Te Ara o Mahurangi
Mountain Biking Manawatu Gorge
Type: Mountain Biking
Distance: 3.6km Loop
Time: 20+ minutes
Grade: Intermediate to Advanced
The newest addition to Te Apiti – Manawatu Gorge is Te Ara o Mahurangi, an exciting new downhill mountain bike trail. This trail takes riders on a fast-paced downhill ride through 2km of native bush, and is rated an intermediate trail, or level 3. Finish up with a nice coffee, tasty meal or cold drink at Bridge Café, or head off and walk some of the nearby bush walks.
Option 1 (loop) – From Palmerston North, drive towards Ashhurst on SH3, continuing through the gorge. At the end of the gorge turn right onto Ballance Bridge (Gorge Rd). Continue 800 meters and park in the gravel car park on your left. Jump on your bike and head back along Gorge Rd 50 meters, turning left onto Hall Block Rd. Ride up the gravel road approximately 1.6km, before entering the downhill track on your left which leads back to the car park at the bottom.
Option 2 (downhill only) – Follow the directions in Option 1, however instead of parking in the car park on Gorge Rd, turn right onto Hall Block Rd. Approximately 1.6km up there is a small turning bay adjacent to the start of the downhill track. It is recommended that riders are dropped off with the driver heading back down to the car park at the bottom on Gorge Rd.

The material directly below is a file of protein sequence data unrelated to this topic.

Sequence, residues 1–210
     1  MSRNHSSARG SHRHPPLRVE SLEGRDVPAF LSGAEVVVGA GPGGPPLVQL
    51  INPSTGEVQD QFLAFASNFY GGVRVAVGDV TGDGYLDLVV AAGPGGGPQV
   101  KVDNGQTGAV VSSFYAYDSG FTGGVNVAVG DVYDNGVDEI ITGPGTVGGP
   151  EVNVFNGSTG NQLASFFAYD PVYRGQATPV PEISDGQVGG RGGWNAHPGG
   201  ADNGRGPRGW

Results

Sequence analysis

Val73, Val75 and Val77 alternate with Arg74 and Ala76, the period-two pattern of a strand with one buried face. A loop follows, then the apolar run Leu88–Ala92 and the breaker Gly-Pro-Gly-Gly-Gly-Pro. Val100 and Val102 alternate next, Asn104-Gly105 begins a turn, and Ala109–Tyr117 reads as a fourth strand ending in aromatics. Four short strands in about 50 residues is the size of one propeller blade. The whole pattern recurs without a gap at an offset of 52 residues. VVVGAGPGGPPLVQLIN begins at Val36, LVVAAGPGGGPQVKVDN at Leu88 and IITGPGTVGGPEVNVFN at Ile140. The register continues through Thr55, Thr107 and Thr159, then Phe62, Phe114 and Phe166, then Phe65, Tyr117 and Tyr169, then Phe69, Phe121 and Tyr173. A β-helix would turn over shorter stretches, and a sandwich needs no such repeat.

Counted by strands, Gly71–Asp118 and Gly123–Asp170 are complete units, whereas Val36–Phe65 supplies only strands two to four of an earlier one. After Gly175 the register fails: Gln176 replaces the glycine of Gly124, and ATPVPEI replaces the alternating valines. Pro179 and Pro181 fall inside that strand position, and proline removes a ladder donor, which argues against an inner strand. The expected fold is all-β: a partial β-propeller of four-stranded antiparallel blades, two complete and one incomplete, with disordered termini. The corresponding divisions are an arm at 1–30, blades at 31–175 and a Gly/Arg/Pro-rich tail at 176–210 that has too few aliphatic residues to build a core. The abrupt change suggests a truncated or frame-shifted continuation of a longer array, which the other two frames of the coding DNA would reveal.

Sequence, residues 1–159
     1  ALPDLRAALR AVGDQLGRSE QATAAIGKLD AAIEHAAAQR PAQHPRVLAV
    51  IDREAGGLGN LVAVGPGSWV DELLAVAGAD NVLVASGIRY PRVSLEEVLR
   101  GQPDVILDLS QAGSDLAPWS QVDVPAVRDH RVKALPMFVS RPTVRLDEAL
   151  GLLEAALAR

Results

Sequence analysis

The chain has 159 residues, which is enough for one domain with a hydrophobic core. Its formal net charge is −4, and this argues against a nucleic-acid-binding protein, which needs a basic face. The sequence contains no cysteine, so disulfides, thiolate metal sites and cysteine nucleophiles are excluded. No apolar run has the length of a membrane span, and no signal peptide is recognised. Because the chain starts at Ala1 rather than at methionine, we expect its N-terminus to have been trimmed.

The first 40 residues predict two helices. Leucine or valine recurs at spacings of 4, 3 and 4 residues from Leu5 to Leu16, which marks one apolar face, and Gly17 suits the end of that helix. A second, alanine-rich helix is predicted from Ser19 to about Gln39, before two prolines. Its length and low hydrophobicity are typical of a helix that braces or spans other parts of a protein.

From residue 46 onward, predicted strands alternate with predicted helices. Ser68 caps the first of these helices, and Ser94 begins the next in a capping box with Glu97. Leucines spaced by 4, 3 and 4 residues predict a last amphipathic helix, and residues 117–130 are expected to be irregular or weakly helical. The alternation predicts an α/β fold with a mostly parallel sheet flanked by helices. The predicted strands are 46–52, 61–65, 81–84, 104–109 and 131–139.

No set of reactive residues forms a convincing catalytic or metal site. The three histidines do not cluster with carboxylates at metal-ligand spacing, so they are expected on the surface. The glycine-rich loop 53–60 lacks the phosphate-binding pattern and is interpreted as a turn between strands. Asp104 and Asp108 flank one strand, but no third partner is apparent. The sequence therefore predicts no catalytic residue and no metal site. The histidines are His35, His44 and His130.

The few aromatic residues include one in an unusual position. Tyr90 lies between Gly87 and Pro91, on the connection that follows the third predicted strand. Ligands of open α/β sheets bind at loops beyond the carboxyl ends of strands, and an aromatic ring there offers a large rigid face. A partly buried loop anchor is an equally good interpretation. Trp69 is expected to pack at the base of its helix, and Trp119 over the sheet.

This trail is the result of collaboration between the Te Apiti – Manawatu Gorge Biodiversity Project and the Manawatu Mountain Bike Club, who will continue to maintain this trail. Is not suitable for beginner riders due to some reasonably steep down hill sections. Currently this trail is best avoided after heavy rains as it can get very slippery.
The trail was named after Mahurangi, the famous pet dog who was ownedby Tara, son of the ancient ancestor namedPouheni. Tara lived in the 14 century and as a young man set out on a journey which began in the Turanganui-a-Kiwa district (now known as Gisborne). Tara and Mahurangi– who was a very energetic dog who raced ahead of his owner at every opportunity – travelled south together naming various rivers, lakes and places as they went. After travelling through the Hawkes Bay area and the great forest of Te Tapere nui o Whātonga (later to be known as the Seventy Mile Bush) the pair emerged near the eastern entrance to Te Apiti – Manawatū Gorge. At this point, Tara lost sight of Mahurangi and only by the sound of his barking was he found. Since that time, this area has been referred to by the local Rangitāne people as ‘Te Waha o te Kurī ’ meaning ‘the voice (barking) of the dog’. This historical event is commemorated in the name Te Ara o Mahurangi – Mahurangi’s track.
Before your next trip, make sure you read and understand The Outdoor Safety CODE, as well as telling someone your plans – your safety is your responsibility. Check out the links below to help you plan your next outdoor adventure.